• Available in 4 sizes – 50, 68, 77, and 90 CI
  • DOT TC certified
  • Tank has to be thrown away after 15 years
  • The Pro V2 is the only fully rotational regulator from Ninja (requires tools)
  • Regulator can’t be rotated until system is degassed
  • Ninja SL with Pro V2 is slightly more expensive
  • Completely Made in the USA

First Strike Hero

  • All First Strike Hero tanks come with the same regulator
  • You need to buy a regulator pressure kit (priced under $10) to change the output pressure
  • A regulator pressure kit can be bought to change the output pressure to SLP or SHP
  • Available in 5 sizes – 48, 68, 77, 88, and 100 CI
  • Tri-Label UN ISO certified
  • Tank will last forever (still requires hydro testing every 5 years)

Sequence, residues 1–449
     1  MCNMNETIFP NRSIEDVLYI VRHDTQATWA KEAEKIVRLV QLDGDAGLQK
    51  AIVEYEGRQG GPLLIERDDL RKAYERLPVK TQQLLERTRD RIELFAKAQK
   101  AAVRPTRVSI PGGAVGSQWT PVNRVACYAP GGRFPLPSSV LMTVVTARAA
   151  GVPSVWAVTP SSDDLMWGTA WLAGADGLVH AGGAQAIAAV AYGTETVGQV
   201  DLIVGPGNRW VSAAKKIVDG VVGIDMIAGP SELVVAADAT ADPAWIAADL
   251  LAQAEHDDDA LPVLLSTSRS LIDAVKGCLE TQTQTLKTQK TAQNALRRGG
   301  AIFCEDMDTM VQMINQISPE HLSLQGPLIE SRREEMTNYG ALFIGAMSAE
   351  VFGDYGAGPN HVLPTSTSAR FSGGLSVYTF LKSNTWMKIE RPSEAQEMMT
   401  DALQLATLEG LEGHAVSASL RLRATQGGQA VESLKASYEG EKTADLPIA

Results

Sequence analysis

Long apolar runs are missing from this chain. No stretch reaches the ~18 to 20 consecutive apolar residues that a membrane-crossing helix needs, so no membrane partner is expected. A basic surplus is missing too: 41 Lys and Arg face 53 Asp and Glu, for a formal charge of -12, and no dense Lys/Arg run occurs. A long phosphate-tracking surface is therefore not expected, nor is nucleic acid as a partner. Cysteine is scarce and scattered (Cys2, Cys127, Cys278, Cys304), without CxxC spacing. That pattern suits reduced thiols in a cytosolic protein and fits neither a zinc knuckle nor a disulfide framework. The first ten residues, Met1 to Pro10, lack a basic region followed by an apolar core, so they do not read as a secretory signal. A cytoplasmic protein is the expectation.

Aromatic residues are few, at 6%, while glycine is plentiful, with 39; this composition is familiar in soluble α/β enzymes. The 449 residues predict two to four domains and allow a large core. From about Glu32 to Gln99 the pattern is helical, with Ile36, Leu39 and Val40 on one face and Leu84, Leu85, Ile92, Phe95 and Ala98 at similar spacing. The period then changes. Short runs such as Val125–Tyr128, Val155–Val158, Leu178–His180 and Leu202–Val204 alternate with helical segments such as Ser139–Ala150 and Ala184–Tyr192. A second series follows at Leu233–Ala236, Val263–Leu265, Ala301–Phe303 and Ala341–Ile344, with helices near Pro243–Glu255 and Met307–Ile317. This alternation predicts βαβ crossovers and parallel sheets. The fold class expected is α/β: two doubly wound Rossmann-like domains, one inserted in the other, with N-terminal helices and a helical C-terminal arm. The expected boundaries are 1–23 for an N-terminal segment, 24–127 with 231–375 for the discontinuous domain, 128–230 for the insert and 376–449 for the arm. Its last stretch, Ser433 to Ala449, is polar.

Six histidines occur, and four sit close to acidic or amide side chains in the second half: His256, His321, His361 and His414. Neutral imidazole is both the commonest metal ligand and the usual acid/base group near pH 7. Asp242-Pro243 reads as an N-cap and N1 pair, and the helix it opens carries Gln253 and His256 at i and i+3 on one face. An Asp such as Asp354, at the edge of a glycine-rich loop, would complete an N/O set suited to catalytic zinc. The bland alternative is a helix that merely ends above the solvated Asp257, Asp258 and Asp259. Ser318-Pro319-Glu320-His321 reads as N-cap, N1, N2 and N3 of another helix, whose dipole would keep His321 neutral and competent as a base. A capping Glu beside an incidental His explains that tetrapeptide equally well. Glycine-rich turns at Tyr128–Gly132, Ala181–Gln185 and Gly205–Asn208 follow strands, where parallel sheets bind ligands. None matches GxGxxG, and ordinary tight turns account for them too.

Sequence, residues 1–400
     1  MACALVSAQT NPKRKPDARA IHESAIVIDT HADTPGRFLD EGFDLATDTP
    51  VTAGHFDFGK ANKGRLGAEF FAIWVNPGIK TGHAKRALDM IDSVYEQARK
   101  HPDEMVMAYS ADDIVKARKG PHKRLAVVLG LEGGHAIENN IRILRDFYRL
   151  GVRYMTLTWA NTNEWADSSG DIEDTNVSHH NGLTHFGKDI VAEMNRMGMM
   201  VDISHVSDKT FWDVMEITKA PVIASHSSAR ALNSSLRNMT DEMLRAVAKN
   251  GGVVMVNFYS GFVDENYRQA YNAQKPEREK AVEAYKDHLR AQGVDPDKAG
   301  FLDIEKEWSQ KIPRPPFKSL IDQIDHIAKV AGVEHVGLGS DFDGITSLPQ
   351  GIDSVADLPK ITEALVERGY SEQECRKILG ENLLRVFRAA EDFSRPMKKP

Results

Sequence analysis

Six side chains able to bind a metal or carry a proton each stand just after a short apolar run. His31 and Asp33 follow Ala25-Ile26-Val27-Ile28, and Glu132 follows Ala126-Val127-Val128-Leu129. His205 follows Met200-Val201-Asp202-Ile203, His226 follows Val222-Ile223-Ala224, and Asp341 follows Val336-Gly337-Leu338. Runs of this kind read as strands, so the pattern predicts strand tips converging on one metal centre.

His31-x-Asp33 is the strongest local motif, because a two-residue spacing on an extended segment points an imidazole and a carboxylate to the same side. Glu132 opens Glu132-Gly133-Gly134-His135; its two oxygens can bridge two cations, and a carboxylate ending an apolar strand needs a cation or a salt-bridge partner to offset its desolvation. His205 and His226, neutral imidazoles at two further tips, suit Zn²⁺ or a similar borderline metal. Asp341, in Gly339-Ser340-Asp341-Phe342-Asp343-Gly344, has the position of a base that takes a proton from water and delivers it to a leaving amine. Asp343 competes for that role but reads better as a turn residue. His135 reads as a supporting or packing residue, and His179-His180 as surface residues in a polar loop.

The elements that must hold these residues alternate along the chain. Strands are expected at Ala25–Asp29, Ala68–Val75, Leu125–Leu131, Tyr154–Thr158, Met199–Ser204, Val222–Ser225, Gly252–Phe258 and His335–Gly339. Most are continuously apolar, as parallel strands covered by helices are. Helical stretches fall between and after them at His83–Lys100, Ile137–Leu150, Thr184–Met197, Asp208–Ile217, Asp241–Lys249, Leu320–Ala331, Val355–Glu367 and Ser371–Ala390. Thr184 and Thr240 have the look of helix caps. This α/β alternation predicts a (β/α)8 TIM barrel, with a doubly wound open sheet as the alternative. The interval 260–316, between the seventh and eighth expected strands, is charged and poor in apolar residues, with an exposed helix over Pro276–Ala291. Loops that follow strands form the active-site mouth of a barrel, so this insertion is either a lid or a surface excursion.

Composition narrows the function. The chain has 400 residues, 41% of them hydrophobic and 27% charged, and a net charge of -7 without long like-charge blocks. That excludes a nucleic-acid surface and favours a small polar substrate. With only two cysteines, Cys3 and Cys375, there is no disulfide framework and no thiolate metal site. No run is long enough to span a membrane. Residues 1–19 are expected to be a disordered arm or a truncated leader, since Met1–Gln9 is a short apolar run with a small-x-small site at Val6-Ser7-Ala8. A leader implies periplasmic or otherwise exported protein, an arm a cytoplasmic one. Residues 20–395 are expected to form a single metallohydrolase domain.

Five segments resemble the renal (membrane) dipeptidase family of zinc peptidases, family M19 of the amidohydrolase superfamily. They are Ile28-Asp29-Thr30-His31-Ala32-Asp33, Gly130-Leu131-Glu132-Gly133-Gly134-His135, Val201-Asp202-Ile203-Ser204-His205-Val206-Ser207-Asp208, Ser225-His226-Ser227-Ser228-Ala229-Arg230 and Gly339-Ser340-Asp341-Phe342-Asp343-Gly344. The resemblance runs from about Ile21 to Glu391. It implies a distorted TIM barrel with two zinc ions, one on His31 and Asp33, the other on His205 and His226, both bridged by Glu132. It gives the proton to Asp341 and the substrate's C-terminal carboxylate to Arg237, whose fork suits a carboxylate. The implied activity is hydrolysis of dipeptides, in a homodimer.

• Tool-less 360⁰ fully rotational regulator
  • Regulator can be rotated with air in the tank
  • FS Hero tanks are around the same price as the Ninja SL with a standard or UL regulator
  • Not sure where First Strike tanks and regulators are made

Another air tank you may want to consider is the Empire Ultra, but honestly I don’t see any reason to choose this tank over the Ninja SL. Both Ninja and Empire do buy their tanks from the same place though, so you could always buy the Empire Ultra used and later upgrade to a Ninja regulator if the opportunity ever comes available.

Now, if you aren’t buying one of the more expensive tanks that are 30% lighter than normal, then I would definitely consider buying your tank from Ninja. Their regulators simply outperform 99% of the other regulators on the market, and they have an amazing customer service team to match. Of course, if you’re on a tight budget then either a First Strike or Empire tank will still suit you well.